Firm Finds ’New’ Used Iron to Quickly Expand Fleet

Thu February 10, 2005 - Northeast Edition

In 1983, Scott Kimmel left his job as an insurance marketing representative to start a small coal packaging company in Wiconisco, PA, about 30 mi. north of Harrisburg, PA.

“When I started Kimmel Coal Packaging, it was just me and two other guys,” Kimmel recalled. “I manufactured my own bagging machine and set up a scale system. The premise behind the company was that we’d package the coal in 50-pound bags and sell it to individuals for home heating.”

Over the years, the company evolved. “We started selling to the steel industry, first in our 50-pound bags, then one-ton super sacks, and now it’s delivered to the mills by bulk in tankers. I’d say 98 percent of our product now goes to the steel industry, and the homeowner market that used to be my entire business, is now a very small percentage of what we do.”

Kimmel didn’t just happen into the coal business. His family owned the Lyken-based processing firm, Meadowbrook Coal.

“I worked there summers and weekends since I was 12 years old,” said Kimmel. “It was a good basis for starting my own company.”

A couple of years ago, Kimmel’s dad, Leslie, had an accident that left him unable to run Meadowbrook. At the time, he was in the process of purchasing Michael Coal, a stripping operation. Scott Kimmel completed that deal, and approximately a year ago also purchased Meadowbrook from his parents.

“Today, we’ve integrated the three companies, Meadowbrook, Michael Coal and Kimmel’s Coal Processing,” said Kimmel. “We mine our raw material, we process it and we sell it. We use our own production as much as possible. Although we do have some dependable outside suppliers, we’re basically in control of our own destiny and that’s the way we like it.”

Equipment Needed

With the addition of Michael Coal and Meadowbrook, Kimmel had to get quite a bit of equipment in a fairly short period of time.

“Kimmel Coal Packaging is not equipment intensive, but coal mining and processing are,” Kimmel noted. “Michael Coal also got a contract to work at a nearby power plant, which added to our equipment needs.”

Kimmel has turned largely to Midlantic Machinery and Wilkes-Barre Territory Manager Gary Reish for Komatsu ReMarketing Distributor Qualified used equipment.

“Like everybody, if money were no object, I would have loved to buy all brand-new equipment. But of course, money is an object. So instead of buying new, we looked for the highest quality and best value in used machines. Midlantic and Komatsu filled the bill.”

Both Michael Coal and Meadowbrook Coal utilize numerous Komatsu Distributor Qualified used machines including a D375 dozer, a PC650 hydraulic excavator, HD465 haul trucks and several WA500 wheel loaders.

“I’m very fussy about what I buy,” Kimmel explained. “Basically, I want it to be like new without the new price tag. Komatsu Distributor Qualified machines were just what we were looking for. It’s quality equipment at a price we can afford.”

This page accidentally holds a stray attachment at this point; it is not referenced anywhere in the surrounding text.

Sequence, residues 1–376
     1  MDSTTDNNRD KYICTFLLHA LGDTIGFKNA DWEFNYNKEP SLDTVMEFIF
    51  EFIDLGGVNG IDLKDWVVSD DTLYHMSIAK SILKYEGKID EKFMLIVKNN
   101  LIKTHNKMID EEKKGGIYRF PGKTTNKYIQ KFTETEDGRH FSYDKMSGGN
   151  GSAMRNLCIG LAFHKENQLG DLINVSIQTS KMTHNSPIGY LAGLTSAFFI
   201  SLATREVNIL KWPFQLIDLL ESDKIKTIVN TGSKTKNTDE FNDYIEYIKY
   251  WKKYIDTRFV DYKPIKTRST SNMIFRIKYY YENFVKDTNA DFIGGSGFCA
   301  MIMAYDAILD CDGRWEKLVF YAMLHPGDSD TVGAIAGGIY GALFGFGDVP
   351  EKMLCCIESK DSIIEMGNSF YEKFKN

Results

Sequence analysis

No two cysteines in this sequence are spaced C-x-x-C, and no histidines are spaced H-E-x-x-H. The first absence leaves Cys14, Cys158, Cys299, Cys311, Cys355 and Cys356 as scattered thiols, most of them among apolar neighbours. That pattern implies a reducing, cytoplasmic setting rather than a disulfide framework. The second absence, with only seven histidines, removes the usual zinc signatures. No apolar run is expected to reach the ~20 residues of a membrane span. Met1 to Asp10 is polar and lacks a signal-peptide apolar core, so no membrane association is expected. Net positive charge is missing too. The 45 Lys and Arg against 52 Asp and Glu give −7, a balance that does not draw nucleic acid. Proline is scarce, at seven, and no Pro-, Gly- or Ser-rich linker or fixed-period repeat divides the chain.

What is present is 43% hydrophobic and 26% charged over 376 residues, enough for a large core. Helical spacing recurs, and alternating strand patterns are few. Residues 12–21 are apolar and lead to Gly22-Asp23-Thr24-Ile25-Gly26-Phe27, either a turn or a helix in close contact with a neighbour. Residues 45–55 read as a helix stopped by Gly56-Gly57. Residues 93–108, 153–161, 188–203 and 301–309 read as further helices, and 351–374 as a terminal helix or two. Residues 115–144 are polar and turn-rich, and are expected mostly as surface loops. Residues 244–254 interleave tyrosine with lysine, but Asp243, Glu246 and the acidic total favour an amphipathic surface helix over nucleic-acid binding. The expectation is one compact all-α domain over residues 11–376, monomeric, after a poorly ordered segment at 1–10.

“Scott has built his business by being a reliable supplier for his customers,” said Meadowbrook equipment maintenance manager Kirk Klinger.

“In order to be that, we need productive equipment and uptime is critical. The power plant, for example, is a 24/7 operation. We can’t have equipment down and do what our customers expect of us. With Komatsu Distributor Qualified used equipment, we get the productivity and uptime we need.”

“The fact that the machines are inspected and warrantied is a big factor for us,” added Kimmel. “That brings peace of mind you can’t get with most used equipment purchases. If a problem comes up, we know the distributor is not going to run away from it. We’ve had a couple of minor issues, which is not unusual, and each time, Midlantic has been there to make it right.”

In addition to the Distributor Qualified machines, Kimmel also has recently purchased two new Komatsu wheel loaders, a WA450-5 and WA500-5.

Growth Continues

The Kimmel family of companies has grown considerably since Scott started his small coalpackaging business 21 years ago. Today, between 65 and 70 people work at Meadowbrook, Michael Coal and Kimmel Coal Packaging.

“We have excellent people throughout the organizations, which is, of course, one of the big reasons we’ve been so successful,” acknowledged Kimmel.

In addition to Klinger, key personnel include Michael Coal foremen Bill Blaze and Terry Reiner; Meadowbrook plant superintendent John Wallace; and Tim Miller, who runs the packaging plant.

“We’re definitely still growing,” Kimmel noted. “Business is good and we’re currently in the process of expanding the packaging/supply side of our business into South Carolina, Kentucky and Alabama, where we have long-term contracts with some steel mills.

“We pride ourselves on providing the best service in the industry in terms of quality, availability and delivery of product. As long as we continue to do that better than anyone else, I think we’ll be as successful as we want to be.”

(This story was reprinted from “Midlantic Machinery’s News.”)